How do you learn a new skill? What is your starting point?
These days, I think most of us start with an online search. I try to see what learning tools are available (books, free online guides, videos) and then investigate who is a leader in the field. This type of search sometimes takes me down the proverbial rabbit hole but I’m usually able to find my way out. Before I started this blog, I did not realize just how many talented people baked and developed recipes. There are countless people to learn and be inspired from so at some point, it is a matter of choosing who to follow, who consistently provides great advice and recipes.
I’ve always experimented in my kitchen but I think there is a balance between experimenting and using tried and true recipes. If you’ve been following me along on my baking journey, you’ll have noticed that I post recipes from leaders in the baking and pâtisserie field as well as sharing some of my own recipes. This is all part of learning and practicing.
A leader in the industry is Christini Tosi. Her training and experiments in the kitchen have led to the incredibly successful, Milk Bar as well as the accompanying Momofuku Milk Bar book. Her recipes explore a full range of elements including the addition of potato chips, coffee grounds and unusual ingredient combinations. The recipes are well written but complicated, requiring several steps to reach the final product (but always worth the effort). As a chef and someone aware of budgeting, few items go to waste as there is always something else that it could be added to. Part of the joy of following her journey is that she’s incredibly witty and open about her background as well as her love of eating raw cookie dough. It goes without saying that she’s driven and an extremely hard worker having coined the term “real talk” and “hardbody” in her kitchen.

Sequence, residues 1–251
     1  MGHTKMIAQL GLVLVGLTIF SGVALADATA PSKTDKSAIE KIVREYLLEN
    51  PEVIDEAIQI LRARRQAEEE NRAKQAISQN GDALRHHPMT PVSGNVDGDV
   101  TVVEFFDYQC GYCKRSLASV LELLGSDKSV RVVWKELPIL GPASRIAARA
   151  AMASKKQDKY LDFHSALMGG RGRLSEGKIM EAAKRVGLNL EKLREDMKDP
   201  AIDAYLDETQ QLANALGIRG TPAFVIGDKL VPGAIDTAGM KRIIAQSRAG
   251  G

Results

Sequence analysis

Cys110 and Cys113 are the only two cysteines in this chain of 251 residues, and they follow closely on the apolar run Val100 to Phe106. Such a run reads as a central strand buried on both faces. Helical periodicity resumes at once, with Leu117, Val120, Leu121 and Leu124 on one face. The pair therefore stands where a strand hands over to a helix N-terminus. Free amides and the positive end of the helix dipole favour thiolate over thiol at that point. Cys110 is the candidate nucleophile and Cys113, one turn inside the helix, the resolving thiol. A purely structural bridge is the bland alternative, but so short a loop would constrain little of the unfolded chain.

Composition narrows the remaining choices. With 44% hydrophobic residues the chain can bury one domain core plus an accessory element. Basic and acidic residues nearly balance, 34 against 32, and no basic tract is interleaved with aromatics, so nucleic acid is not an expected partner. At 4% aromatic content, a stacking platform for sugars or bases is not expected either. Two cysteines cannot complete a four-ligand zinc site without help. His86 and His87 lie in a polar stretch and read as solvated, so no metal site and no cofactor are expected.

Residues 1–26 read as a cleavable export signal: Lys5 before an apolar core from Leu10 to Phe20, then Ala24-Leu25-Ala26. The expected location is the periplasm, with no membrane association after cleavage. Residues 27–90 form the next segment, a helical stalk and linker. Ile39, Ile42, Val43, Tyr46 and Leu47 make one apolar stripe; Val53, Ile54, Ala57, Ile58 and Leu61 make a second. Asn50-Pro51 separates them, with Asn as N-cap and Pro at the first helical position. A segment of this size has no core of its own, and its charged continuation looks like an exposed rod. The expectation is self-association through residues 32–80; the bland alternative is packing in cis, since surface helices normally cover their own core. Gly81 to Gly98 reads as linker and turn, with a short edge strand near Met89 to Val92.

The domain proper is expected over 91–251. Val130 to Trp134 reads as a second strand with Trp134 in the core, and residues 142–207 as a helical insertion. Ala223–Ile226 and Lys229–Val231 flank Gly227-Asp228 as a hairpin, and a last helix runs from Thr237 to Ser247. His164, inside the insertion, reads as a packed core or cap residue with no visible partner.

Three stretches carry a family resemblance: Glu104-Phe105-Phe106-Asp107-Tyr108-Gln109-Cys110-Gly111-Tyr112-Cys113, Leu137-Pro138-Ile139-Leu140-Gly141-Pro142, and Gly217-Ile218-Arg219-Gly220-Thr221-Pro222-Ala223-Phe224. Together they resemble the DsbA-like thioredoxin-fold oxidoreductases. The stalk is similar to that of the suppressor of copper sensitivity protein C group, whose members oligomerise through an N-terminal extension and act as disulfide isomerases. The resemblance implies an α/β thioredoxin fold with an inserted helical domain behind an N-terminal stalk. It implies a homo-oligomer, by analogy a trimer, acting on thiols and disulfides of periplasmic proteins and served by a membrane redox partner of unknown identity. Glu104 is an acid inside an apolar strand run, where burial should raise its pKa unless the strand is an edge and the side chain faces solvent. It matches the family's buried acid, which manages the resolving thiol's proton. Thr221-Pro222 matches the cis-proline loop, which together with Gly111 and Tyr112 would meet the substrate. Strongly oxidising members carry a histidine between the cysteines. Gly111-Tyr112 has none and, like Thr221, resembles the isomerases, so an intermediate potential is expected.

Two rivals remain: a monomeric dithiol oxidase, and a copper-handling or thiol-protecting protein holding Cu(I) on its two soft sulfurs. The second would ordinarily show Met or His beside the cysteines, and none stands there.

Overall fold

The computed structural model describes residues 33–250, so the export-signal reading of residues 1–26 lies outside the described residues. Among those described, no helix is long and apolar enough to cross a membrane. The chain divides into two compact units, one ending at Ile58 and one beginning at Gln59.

While I cannot choose a favourite recipe from Milk Bar, I do know that the Compost Cookie comes out on top for many people. Also, lovingly referred to as the “garbage cookie” or “kitchen-sink cookie”, as the name suggests, it features a little bit of everything. There are multiple steps to the recipe so it is neither easy nor quick to make. However, your effort and careful following of the instructions will lead to a very satisfying cookie. Try it for yourself!